Designing better products for an aging global population

HONG KONG -- The world is growing old at an unprecedented rate, and businesses are paying attention.
Written by Vanessa Ko, Contributor

Japan has the world's oldest population

HONG KONG — “By the year 2030, there will be 2 billion people on this planet over the age of 60,” said Kim Walker, founder and C.E.O. of Singapore-based Silver Group, speaking at a TEDx event in Hong Kong last week.

The company is a consultancy that helps brands evaluate and improve their products for older customers, defined as those who are over 50, and Walker, age 57, made a compelling appeal to businesses to take a close look how “age friendly” they are.

Record portions of the global population will soon be confronting the physiological effects of aging, like worsening eyesight and hearing, arthritis, changing cognitive skills, and loss of taste buds, flexibility and strength. “These things are going to influences the places where we live and work. They are definitely going to have an impact as the world ages,” Walker said.

The Asia-Pacific region in particular, Walker said, has the world’s oldest population (Japan), the largest group of elderly people (China) and the fastest-aging countries (China, South Korea, Taiwan, Hong Kong and Singapore).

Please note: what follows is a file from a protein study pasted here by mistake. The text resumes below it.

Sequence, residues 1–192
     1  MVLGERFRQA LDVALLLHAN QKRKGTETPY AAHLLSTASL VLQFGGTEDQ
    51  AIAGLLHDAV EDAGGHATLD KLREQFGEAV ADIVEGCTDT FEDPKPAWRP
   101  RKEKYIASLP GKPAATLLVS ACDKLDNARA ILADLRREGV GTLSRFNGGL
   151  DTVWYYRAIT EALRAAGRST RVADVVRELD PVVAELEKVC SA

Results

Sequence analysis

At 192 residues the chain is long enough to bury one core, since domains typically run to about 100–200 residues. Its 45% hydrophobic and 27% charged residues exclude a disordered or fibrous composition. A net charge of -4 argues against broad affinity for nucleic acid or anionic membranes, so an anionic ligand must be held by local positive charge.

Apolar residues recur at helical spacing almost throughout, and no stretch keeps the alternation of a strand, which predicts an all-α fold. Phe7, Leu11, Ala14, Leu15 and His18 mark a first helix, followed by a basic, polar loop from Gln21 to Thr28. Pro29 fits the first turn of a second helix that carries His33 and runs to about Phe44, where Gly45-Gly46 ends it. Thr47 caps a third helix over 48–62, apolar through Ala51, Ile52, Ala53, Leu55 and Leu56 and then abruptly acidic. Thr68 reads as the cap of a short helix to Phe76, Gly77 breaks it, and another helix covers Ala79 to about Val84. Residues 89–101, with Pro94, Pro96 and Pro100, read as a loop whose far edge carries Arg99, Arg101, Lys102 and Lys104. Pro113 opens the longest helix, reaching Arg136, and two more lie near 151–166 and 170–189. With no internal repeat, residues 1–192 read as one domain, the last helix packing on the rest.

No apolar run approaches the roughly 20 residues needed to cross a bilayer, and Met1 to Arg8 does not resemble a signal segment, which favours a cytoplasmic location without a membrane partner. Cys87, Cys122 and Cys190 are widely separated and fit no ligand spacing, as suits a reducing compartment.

To illustrate the effect of this phenomenon, Silver’s website links to a recent Bloomberg article that reports sales of adult diapers in Japan exceeded those for babies for the first time last year.

Walker added that older people’s power as consumers will grow more dramatically than that of other age groups, citing a report by MasterCard that predicts three years from now, people across Asia-Pacific aged 65 or older will spend $2 trillion per year.

As businesses are seeking to accommodate this growing demographic, Silver developed an audit tool that is essentially 200 questions that companies can answer about their products, as they pertain to 25 physiological changes that come with age, which then yields a score to indicate how “age friendly” they are.

Walker gave an example of a high-end hotel in Singapore that received a low score: the hallway signage was in low-contrast colors, the room’s complex light switches were attached to finely printed instructions, computers in the lobby required users to stand.

“I know what you’re thinking: I want to transform this whole world into something that’s dumbed down for really old people,” Walker said. “No, it’s not. A brand doesn’t have to lose its supercoolness just because it’s age friendly.”

He said Apple’s iPad is one product that scores high on the audit.

“I’m not talking about bright lights, huge signs, get rid of all steps — no. My definition of age-friendly is when the unique physical needs of older people are satisfied in a way that’s natural and beneficial for all ages,” Walker said.

“If you design for the young, you will exclude the old. If you design for the old, you’ll include everybody, and to me that makes a lot of sense.”

Photo: Wikimedia Commons/Gabriel Synnaeve

This post was originally published on Smartplanet.com

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